Google Buzz and China
Note: Since publishing this article, Chengdu Living has established presence on Google Buzz. Check us out if you’re a Gmail user like us.
Twitter and Facebook compete for the ever-expanding pool of social network users around the world, but they’re both blocked and inactive in China, the world’s most prolific internet market. Great news for Chinese social networking site Tudou, but it’s a real bummer for foreigners interacting with friends and family overseas – or Chinese who interact with people outside of their national borders. Chinese have long been populating their own blogs and social networks in incredible numbers, but the door is wide open for Google to strike.
Assuming it doesn’t get blocked, that is.
What is Google Buzz?
Google Buzz is a new way to start conversations about the things you find interesting. It’s built right into Gmail, so you don’t have to peck out an entirely new set of friends from scratch — it just works. If you think about it, there’s always been a big social network underlying Gmail. Buzz brings this network to the surface by automatically setting you up to follow the people you email and chat with the most. We focused on building an easy-to-use sharing experience that richly integrates photos, videos and links, and makes it easy to share publicly or privately (so you don’t have to use different tools to share with different audiences). Plus, Buzz integrates tightly with your existing Gmail inbox, so you’re sure to see the stuff that matters most as it happens in real time.
Since Buzz is built right into Gmail, it’s already sitting on a user base numbering in the hundreds of millions. This is an advantage that Facebook and Twitter never had, and it means that your friends are probably already on here. The convenience of having it built into a product you already use is paramount, because a lot of people are overwhelmed with all the other options.
Before Buzz is added to your Gmail account it makes a quick introduction and adds a link just below your inbox – from there, sending and receiving text, photos, video, and links between friends and family is a click away. It’s a cinche to use and within hours of it being operational I witnessed a huge number of friends start adopting it immediately.
Penetrating the Great Firewall
Exactly a month has passed since Google aired it’s differences with China’s internet policy, and tensions remain high. Other than China defending it’s policy of censorship as expected, there haven’t been many developments in the dispute, as both sides have remained unusually quiet. No one can be sure how Google’s announcement of Buzz fits into the larger picture of Google’s place in China, but an announcement this big surely must being having a large impact considering the fate that befell Facebook and Twitter. Facebook and Twitter offered similar services and the content of their networks got them black listed from China – but Buzz might succeed where they didn’t.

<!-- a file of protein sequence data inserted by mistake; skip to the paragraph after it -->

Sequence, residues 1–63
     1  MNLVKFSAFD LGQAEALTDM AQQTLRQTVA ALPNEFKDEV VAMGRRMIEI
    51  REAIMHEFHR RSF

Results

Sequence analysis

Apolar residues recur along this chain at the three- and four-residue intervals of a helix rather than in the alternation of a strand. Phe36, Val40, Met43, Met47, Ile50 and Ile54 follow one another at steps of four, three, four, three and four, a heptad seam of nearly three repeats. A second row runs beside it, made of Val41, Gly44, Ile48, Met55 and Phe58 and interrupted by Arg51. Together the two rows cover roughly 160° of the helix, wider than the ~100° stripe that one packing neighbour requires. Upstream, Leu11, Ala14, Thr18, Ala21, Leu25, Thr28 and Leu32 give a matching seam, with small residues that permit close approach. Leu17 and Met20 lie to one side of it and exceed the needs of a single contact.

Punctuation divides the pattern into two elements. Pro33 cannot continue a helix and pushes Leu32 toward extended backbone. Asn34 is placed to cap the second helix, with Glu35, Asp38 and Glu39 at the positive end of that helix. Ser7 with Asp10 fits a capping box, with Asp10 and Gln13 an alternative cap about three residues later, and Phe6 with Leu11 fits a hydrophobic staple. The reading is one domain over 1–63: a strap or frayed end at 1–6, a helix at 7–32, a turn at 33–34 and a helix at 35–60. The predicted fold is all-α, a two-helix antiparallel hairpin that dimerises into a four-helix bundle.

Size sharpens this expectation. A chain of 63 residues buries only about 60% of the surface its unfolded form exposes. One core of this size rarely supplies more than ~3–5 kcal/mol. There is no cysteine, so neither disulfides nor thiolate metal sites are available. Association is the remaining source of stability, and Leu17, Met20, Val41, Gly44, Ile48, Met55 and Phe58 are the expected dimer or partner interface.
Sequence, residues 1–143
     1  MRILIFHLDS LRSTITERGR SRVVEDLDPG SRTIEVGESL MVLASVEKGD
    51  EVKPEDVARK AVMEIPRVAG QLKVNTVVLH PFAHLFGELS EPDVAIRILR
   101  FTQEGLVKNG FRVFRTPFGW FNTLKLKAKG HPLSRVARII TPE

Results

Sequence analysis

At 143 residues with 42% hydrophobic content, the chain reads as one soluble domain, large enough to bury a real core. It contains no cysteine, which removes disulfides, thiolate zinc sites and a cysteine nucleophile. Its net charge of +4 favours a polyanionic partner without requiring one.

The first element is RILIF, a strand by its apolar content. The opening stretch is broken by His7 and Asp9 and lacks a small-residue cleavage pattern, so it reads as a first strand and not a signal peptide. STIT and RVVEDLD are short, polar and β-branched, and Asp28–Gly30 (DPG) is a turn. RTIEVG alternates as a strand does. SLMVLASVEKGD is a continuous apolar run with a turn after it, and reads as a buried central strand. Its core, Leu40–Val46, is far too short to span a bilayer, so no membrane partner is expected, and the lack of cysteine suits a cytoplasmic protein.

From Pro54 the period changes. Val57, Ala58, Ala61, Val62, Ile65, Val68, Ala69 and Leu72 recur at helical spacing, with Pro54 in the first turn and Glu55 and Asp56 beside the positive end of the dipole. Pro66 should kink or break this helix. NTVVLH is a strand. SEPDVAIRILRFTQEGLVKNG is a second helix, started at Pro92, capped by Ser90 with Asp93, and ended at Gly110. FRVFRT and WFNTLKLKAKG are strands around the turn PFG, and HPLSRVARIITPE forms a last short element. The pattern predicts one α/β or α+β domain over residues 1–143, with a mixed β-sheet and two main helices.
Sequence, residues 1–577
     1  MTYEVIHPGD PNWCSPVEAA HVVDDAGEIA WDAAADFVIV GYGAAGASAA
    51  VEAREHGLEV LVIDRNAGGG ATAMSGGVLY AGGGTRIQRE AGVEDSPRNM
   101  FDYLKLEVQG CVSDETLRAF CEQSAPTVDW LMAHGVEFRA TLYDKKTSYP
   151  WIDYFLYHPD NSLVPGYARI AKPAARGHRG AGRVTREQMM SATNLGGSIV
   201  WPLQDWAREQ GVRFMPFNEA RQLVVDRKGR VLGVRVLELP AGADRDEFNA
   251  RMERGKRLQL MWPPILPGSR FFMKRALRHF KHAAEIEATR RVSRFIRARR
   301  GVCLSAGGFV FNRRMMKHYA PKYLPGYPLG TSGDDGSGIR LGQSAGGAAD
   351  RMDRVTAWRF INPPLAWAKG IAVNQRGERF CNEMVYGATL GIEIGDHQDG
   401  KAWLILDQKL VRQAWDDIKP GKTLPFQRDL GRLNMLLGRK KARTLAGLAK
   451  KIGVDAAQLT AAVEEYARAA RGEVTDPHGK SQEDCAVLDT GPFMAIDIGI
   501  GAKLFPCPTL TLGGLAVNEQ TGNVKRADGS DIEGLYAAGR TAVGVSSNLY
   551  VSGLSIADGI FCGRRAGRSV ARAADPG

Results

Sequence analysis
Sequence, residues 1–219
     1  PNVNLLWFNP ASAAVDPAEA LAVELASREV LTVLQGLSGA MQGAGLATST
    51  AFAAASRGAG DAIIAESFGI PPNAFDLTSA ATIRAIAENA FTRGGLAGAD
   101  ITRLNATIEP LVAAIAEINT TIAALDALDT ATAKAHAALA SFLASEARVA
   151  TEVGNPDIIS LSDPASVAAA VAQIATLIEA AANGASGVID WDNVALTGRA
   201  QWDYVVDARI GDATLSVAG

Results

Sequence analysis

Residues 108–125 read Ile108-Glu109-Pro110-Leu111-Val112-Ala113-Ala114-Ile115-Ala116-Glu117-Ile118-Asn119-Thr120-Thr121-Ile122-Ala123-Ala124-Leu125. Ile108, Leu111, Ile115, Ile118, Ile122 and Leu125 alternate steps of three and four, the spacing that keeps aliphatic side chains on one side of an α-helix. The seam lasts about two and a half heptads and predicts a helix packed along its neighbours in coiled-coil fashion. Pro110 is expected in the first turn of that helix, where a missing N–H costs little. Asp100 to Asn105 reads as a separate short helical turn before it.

Considering the likeness of Buzz to the dominant social networks, it’s hard to imagine a situation where Buzz is completely safe from being black-listed. At their core, all of these networks are for sharing what you enjoy with people you care about – it’s never been the networks that have been the problem, but the information shared on them. The internet has been knocking down communication obstacles for people around the world at a furious pace over the last ten years, and Google Buzz could be the next evolution.
No one but Gmail could pull this off, because they’re banking on their massive base of users positioned in every country around the world. Unlike Facebook or Twitter, China has already been bitten by the Google bug, so blocking it from here on out isn’t as logistically feasible. Of the millions of Google users in China, they tend to be better educated and higher earners than those who use domestic search competitors like Baidu. Since Buzz and Gmail are intertwined and operate in conjunction with each other, blocking the pair becomes a major proposition unless you decide to block Google entirely. Even with what’s happened, that seems like an unlikely scenario.
My hope is that Buzz is adopted by the larger worldwide community and paves the way for a social network that succeeds in connecting the world. I use a VPN to access Facebook and other blocked sites, but but being able to send and receive status updates with friends both in and outside of China is something I haven’t been able to do in years. My fingers are crossed that Buzz succeeds where it’s previous social network efforts like Orkut have failed, by tapping into the hundreds of millions who use Gmail every day.
If you’re a Gmail user, Buzz will automatically be added for you. If you aren’t, sign up and enjoy the best free webmail around. Buzz also works on iPhones and phones running on the Android operating system.
If you’re a Gmail user or you’ve used Buzz, what do you think?